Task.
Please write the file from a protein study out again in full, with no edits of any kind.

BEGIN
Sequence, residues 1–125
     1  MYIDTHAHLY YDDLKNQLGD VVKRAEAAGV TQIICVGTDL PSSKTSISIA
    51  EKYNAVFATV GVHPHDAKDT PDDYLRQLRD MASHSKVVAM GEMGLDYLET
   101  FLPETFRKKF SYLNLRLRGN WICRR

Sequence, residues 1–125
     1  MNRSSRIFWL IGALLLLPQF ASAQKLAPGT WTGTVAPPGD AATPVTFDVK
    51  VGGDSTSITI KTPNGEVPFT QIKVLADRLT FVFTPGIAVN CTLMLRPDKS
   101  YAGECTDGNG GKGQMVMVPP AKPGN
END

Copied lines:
Sequence, residues 1–125
     1  MYIDTHAHLY YDDLKNQLGD VVKRAEAAGV TQIICVGTDL PSSKTSISIA
    51  EKYNAVFATV GVHPHDAKDT PDDYLRQLRD MASHSKVVAM GEMGLDYLET
   101  FLPETFRKKF SYLNLRLRGN WICRR

Sequence, residues 1–125
     1  MNRSSRIFWL IGALLLLPQF ASAQKLAPGT WTGTVAPPGD AATPVTFDVK
    51  VGGDSTSITI KTPNGEVPFT QIKVLADRLT FVFTPGIAVN CTLMLRPDKS
   101  YAGECTDGNG GKGQMVMVPP AKPGN